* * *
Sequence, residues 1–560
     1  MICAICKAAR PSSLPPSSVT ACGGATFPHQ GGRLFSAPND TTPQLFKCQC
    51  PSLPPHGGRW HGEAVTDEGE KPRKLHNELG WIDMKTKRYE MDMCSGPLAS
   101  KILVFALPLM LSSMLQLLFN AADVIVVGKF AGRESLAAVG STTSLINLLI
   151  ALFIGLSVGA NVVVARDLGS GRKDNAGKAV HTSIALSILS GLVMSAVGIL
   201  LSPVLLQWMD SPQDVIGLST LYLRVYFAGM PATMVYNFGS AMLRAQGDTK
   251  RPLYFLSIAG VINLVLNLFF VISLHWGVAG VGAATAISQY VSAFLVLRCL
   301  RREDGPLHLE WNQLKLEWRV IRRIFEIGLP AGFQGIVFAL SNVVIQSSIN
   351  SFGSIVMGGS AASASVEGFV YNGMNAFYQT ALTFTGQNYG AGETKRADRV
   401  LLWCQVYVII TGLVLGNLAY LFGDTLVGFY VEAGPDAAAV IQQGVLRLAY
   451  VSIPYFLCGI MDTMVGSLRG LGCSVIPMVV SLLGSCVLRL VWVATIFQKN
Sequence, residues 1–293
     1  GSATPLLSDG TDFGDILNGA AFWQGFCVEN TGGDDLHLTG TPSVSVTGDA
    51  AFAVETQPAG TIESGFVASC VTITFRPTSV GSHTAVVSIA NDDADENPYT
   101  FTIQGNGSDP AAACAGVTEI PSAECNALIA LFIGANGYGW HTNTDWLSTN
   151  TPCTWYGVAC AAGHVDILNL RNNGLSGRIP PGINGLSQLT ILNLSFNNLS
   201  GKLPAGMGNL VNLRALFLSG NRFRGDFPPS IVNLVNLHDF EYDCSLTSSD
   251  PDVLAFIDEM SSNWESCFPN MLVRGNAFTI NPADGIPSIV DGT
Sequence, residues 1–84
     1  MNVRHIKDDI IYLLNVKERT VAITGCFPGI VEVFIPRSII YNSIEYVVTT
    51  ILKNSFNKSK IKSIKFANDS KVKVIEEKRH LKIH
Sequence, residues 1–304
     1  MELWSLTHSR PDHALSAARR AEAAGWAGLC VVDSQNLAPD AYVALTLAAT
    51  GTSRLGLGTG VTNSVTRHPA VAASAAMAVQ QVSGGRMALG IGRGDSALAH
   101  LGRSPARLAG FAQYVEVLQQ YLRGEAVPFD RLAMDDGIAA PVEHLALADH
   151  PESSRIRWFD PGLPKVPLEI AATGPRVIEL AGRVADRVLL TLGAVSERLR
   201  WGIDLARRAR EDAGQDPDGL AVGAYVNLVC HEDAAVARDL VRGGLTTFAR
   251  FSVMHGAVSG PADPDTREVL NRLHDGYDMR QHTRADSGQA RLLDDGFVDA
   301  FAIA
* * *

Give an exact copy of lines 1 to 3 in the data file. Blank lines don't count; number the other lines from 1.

Sequence, residues 1–560
     1  MICAICKAAR PSSLPPSSVT ACGGATFPHQ GGRLFSAPND TTPQLFKCQC
    51  PSLPPHGGRW HGEAVTDEGE KPRKLHNELG WIDMKTKRYE MDMCSGPLAS